Link to Pubmed [PMID] – 14688365
J. Immunol. 2004 Jan;172(1):540-9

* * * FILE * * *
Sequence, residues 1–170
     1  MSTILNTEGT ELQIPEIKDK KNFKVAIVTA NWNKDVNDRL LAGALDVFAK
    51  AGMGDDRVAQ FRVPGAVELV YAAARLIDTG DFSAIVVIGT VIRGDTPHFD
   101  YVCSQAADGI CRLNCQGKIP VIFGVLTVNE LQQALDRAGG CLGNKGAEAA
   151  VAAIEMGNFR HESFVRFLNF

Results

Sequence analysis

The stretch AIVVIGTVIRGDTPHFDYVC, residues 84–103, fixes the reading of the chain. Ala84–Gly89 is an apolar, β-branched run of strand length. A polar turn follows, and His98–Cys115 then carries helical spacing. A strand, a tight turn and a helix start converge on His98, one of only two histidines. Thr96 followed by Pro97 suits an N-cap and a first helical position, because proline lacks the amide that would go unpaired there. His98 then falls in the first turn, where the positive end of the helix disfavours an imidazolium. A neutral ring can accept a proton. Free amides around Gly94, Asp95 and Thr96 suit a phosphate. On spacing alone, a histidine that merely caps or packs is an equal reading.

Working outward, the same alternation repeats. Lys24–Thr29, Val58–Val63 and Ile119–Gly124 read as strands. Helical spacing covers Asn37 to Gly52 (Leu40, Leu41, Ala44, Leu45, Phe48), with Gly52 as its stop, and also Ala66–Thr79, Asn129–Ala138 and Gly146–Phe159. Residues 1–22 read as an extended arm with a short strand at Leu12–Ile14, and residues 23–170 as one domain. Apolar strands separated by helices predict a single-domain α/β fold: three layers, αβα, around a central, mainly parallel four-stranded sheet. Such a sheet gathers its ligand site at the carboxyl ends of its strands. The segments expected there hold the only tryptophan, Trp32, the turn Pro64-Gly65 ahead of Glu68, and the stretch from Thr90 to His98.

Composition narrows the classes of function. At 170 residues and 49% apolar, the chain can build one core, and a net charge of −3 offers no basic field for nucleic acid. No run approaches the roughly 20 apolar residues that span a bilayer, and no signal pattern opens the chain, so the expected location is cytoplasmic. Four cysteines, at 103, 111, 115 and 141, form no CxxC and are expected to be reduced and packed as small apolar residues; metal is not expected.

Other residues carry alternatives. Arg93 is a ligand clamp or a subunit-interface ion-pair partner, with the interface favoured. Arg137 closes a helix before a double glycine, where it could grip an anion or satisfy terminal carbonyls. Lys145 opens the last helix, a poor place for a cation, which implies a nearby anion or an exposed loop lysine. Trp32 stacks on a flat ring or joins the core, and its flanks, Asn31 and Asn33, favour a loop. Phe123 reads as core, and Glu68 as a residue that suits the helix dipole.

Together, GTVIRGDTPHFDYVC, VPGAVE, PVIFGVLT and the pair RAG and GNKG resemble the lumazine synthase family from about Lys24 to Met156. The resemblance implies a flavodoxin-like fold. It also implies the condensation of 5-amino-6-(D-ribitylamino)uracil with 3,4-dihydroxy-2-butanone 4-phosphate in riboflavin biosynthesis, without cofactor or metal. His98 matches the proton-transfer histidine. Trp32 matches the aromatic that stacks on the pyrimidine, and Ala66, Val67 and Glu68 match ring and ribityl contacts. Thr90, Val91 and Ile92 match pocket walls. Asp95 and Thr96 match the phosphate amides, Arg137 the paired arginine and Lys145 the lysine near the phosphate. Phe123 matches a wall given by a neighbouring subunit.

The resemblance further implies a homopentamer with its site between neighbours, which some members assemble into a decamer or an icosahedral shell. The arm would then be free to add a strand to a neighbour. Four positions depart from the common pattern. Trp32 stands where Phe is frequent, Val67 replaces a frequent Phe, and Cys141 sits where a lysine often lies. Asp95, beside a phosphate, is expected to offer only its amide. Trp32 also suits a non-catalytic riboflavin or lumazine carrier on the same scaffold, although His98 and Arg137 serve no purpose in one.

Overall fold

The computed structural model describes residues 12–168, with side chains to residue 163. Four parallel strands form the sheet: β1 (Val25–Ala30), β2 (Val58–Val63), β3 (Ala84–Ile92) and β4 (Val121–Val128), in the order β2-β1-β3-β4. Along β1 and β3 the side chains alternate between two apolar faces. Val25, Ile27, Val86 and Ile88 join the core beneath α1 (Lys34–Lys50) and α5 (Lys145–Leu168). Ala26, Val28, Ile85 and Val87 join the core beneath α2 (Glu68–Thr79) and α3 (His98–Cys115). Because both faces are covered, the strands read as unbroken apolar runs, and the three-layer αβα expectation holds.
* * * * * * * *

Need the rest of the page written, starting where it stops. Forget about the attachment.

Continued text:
The urokinase receptor (CD87) participates to the pericellular proteolytic potential of migrating cells and to the recruitment of leukocytes during inflammation. It consists of three structurally homologous domains, with the C-terminal domain D3 attached to cell membranes through a GPI anchor. CD87 is susceptible to an endoproteolytic processing removing the N-terminal domain D1 and generating truncated D2D3 membrane species, thus modulating CD87-associated functions. Full-length or truncated CD87 can be also released from cells via juxtamembrane cleavage by phospholipases and/or by yet unidentified proteinases. Using a recombinant CD87 and the CD87-positive monocytic U937 cell line and isolated blood monocytes, we show by protein immunoblotting and flow immunocytometry that the human neutrophil serine-proteinases elastase and cathepsin G cleave CD87 within the D1-D2 linker sequence, while in addition cathepsin G is highly efficient in cleaving the C terminus of D3. The combination of cathepsin G and elastase provided by degranulated neutrophils results in enzymatic cooperation leading to the release from monocytic cells of a truncated D2D3 species resembling that previously described in pathological body fluids. Using mass spectrometry analysis, the proteolytic fragmentation of synthetic peptides mapping the D1-D2 linker and D3 C-terminal domains identifies potential cleavage sites for each enzyme and suggests the existence of a mechanism regulating the CD87(D1-D2)-associated chemotactic activity. Finally, isolated or combined elastase and cathepsin G drastically reduce the capacity of cells to bind urokinase. Secretable leukocyte serine-proteinases are thus endowed with high potential for the regulation of CD87 expression and function on inflammatory cells.